October 30th, 2013
For almost six months, we were down to six dogs. In my opinion, six was still too many but better than the eight to ten dogs that usually call our place home. Even John had commented that the smaller pack size was more manageable. Did I detect a slight change in his attitude toward dogs? Then one day about two months ago, John asked me if I’d noticed anything unusual about Ruby, the female we kept from the unfortunate and unplanned mating between his coon dog, Nikki, and his bird dog, Jack. As Ruby ran across the yard, the image was almost more than I could comprehend. “How did she get pregnant?” I yelled. John said, “She dug a hole under the fence, and I found her in Razor’s pen one day, but it didn’t seem like anything had happened.” I wondered to myself what he expected to see if something “had happened”…Razor smoking a cigarette and Ruby drinking champagne perhaps? Neither of us was happy about this turn of events, but there was nothing we could do but wait. Nikki only had three puppies when Ruby was born so maybe this would be a small litter as well.
We only had to wait a few weeks for the quantity question to be answered, and lucky number seven was the winner: four males and three females. Once again I tried to keep my distance, and once again the siren song puppies sing lured me into the pen. In spite of their unbelievable cuteness, I responded with a steely glare when John brought up the subject of keeping one. I simply asked which of his current dogs he planned to give away if he wanted to keep a puppy.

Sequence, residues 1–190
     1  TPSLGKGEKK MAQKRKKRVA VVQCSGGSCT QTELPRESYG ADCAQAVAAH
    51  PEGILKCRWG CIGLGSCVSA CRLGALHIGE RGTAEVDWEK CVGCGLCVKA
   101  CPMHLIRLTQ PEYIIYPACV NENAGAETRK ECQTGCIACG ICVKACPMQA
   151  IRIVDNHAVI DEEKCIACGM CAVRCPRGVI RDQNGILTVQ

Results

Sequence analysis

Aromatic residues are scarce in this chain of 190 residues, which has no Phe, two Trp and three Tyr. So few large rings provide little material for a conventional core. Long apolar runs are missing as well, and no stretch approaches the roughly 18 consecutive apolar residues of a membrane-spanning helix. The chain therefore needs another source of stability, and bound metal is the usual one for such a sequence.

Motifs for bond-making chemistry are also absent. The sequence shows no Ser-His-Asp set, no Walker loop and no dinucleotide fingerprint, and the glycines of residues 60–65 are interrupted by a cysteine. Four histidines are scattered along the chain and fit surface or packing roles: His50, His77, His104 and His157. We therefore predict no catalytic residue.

Fortunately we have found places for all of them. Our daughter is taking one and a co-worker is taking another. If we don’t find homes for the other five, they will go to a “no-kill” shelter. You would think that even though the thirteen dog total is temporary, John would have learned his lesson, but you would be wrong. On a recent trip to Wisconsin, one of his bear hunting buddies tried to give him a trail hound. I truly think that without my adamant refusal to consider the acquisition, he would have hauled number fourteen home. When it comes to dogs, John is never going to change.
April 30th, 2013